Vinyl&Wine 22: Scott H. Biram + Hy.Brid Pinot Noir

If you have ever purchased music online, Itunes, Amazon, and other sites always make recommendations based on your current purchases and searches. So if you buy a Britney Spears album, they will recommend Shakira or some other pop princess. This is how I came to love the music of Scott H. Biram. I believe I was searching for a Cory Branan vinyl and fell into a music suggestion blackhole eventually landing on Scott H. Biram’s release entitled Nothin’ but Blood.

Also known as the Dirty Old One Man Band, Scott H. Biram is just that, a one man band whose songs are the soul child of the ghost of country icon Waylon Jennings and Heavy Metal legend Dave Mustaine. He plays soulful and solely on his acoustic 1959 Gibson guitar, with a raw unadulterated style. His grit an attitude may possibly be attributed to growing in the heart of Texas. His solo style was first recorded while stuck at home for a period of time while recovering from a devastating head on collision with a big rig truck in 2003 that completely totaled his car and nearly himself. When I listen to Nothin’ but Blood, the image of Scott H. Biram playing his guitar in a sweaty, smoke-filled church in the deep south leading his fanatic followers in his punk rock energy fueled sermons. He would be singing and yelling into an old-timey radio host style microphone or even a megaphone. The roots rock/ folk style comes from this strange almost demonic organic place, which he seems to harness perfectly. I can’t say I always drink wine while playing this record, it is mostly whiskey, but when the occasion is right there is only one choice for me, it is a Hy.Brid Pinot Noir by Peltier Station from Lodi, California. (Yes, Hy.Brid is spelled this way on the label.)

Hy.Brid Pinot Noir by Peltier Station is a fantastic find if it is available at your local wine shop. It’s too bad you can just download wine from the internet with the click of a button like you can with the music of Scott H. Biram. This Pinot Noir is also organically grown like Biram’s sound is. I really enjoy California Pinot Noirs, but I can’t say I have had that many from Lodi. The region is mostly known for its Zinfandels and other high ripening grapes. It is a warm climate region and Pinots are usually grown better in cooler climates like in coastal Sonoma county areas. For a wine that retails for about $10, it took me by surprise and had my palate hooked at first sip like the album Nothin’ but Blood. It is not a Pinot that is strictly following the standard Pinot Noir “guidelines.” This one is outside of the box, and has some grit and attitude, like a cowboy in a western who shoots a fiery smug smirk to his opponent in a duel to the death and then shoots his pistol first. I dug deeper into the wine, because I knew it wouldn’t be 100% Pinot Noir juice in the bottle. Legally to label a wine as a 100% varietal, there only needs to be 75% of that label grape in the bottle, the other 25% is allowed for other grapes to help balance wines and give the winemaker room to maneuver to achieve their desired goals. My first guess was that Hy.Brid Pinot Noir had 25% Syrah in the blend, but I was wrong, and I was surprised and really happy with what I found out. The current release is a blend of 75% Pinot Noir, 20% Petite Sirah, and 5% Viognier. It made so much sense, because it does have the attitude of Petite Sirah, exuberance of Viognier, and sensibility of Pinot Noir. It is my new favorite wine under $10, it is my dirty old one man band of a wine.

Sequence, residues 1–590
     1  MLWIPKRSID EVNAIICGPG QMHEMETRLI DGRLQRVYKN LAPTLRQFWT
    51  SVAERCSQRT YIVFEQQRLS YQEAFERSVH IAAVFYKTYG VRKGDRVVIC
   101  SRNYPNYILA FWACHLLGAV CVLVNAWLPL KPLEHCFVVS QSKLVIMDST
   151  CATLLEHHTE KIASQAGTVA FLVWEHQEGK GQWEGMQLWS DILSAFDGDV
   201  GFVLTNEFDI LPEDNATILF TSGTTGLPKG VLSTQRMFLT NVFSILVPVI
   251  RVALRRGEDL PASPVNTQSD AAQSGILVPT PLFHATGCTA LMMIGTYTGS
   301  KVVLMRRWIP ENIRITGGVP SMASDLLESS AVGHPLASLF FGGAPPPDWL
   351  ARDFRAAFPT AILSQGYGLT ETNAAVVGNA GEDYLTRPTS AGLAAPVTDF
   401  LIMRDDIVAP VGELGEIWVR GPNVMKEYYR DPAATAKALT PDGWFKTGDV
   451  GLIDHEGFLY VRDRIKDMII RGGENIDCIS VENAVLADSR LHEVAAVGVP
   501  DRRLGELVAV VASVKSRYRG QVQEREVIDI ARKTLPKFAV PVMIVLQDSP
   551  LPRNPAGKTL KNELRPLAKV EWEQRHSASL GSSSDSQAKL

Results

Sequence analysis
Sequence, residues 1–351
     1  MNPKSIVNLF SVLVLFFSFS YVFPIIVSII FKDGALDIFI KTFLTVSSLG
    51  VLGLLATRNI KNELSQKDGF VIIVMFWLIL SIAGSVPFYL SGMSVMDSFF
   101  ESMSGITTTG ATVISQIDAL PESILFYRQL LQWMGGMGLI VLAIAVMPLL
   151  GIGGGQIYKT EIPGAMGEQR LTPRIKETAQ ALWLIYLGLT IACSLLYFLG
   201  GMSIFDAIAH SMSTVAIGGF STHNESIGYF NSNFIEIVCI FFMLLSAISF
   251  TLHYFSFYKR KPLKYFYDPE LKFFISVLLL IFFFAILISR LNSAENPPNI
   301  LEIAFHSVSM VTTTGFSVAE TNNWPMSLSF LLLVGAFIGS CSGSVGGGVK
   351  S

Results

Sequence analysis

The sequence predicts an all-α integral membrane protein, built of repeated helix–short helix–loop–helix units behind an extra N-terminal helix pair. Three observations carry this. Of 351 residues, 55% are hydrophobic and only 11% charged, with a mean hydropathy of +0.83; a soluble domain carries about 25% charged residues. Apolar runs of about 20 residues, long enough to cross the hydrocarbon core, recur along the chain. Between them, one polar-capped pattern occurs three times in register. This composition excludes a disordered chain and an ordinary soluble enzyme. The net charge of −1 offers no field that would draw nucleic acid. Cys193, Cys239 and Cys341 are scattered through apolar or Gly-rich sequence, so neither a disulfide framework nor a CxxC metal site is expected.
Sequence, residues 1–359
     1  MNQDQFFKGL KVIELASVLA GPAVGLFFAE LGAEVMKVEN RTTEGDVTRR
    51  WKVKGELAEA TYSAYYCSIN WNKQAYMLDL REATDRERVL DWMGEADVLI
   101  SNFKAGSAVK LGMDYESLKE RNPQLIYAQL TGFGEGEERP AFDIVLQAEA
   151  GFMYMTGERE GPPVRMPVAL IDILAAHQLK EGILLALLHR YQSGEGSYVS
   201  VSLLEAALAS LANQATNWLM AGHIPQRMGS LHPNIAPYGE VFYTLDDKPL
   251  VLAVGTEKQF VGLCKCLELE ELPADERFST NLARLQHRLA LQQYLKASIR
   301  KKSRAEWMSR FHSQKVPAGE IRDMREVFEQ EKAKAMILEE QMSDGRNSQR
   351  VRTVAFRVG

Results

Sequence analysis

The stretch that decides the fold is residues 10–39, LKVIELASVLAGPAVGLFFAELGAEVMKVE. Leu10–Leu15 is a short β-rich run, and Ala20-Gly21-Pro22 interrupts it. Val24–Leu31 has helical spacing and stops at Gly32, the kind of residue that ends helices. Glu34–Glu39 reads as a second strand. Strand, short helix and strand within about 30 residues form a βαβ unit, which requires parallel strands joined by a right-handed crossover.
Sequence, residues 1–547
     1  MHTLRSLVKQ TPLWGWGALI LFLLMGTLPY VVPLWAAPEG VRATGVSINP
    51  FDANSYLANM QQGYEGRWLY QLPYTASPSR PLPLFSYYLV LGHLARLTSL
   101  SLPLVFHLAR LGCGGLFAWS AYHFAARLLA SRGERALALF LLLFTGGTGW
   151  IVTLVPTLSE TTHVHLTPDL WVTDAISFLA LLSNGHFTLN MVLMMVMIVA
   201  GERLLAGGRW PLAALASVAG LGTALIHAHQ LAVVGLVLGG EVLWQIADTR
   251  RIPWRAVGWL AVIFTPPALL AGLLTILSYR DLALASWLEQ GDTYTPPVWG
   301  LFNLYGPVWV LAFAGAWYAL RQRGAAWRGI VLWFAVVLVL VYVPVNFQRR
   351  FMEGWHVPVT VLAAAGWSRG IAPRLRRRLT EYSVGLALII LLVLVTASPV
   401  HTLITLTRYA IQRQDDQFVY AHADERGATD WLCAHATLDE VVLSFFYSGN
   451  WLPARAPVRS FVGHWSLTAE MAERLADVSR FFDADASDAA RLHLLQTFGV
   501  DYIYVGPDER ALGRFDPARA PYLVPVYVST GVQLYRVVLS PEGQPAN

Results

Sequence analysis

Sometimes just like people, grapes can find their strengths and character from their upbringing and their roots, through hardships, characters will emerge. Scott H. BIram has found himself in his music and with each release, the nitty gritty raw attitude has emerged as his own, and reinventing old solo blues and country styles from decades ago. I have never had a wine that has ever shown off as much nitty gritty attitude as the vinyl Nothin’ but Blood until I sipped Hy.Brid Pinot Noir by Peltier Station.

To quote Scott H. Biram, “Can I get and amen?” from the song, Been Down Too Long.